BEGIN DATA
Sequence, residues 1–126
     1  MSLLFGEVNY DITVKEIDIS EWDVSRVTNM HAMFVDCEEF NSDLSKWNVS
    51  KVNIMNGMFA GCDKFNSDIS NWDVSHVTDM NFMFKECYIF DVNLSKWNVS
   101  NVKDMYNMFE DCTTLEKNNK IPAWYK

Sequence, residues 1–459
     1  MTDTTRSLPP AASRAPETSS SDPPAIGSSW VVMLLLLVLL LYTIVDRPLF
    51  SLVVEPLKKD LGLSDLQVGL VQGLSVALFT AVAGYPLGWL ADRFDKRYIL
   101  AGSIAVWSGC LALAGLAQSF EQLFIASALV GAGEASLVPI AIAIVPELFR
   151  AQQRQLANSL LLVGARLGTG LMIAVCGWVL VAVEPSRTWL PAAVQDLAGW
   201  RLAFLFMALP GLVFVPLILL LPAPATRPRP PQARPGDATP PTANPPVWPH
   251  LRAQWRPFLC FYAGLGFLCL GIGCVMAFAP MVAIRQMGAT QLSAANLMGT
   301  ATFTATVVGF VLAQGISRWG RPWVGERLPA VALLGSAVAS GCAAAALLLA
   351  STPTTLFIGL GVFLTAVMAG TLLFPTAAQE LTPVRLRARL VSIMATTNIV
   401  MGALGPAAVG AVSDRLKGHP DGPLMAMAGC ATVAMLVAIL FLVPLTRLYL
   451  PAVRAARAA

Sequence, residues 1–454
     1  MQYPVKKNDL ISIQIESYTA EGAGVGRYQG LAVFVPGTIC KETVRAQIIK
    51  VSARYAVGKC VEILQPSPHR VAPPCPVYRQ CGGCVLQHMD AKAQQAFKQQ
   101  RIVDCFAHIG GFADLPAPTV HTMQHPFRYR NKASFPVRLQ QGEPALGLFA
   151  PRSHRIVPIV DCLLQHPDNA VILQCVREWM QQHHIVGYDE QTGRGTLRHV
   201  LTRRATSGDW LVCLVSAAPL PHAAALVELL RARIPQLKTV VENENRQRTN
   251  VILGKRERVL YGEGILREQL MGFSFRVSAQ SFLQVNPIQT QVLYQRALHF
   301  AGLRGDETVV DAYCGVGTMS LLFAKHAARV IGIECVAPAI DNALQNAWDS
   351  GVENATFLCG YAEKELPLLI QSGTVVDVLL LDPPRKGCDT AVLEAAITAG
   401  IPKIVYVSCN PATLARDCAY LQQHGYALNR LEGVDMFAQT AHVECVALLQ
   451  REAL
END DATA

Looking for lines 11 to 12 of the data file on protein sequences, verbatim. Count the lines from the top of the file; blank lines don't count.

   251  LRAQWRPFLC FYAGLGFLCL GIGCVMAFAP MVAIRQMGAT QLSAANLMGT
   301  ATFTATVVGF VLAQGISRWG RPWVGERLPA VALLGSAVAS GCAAAALLLA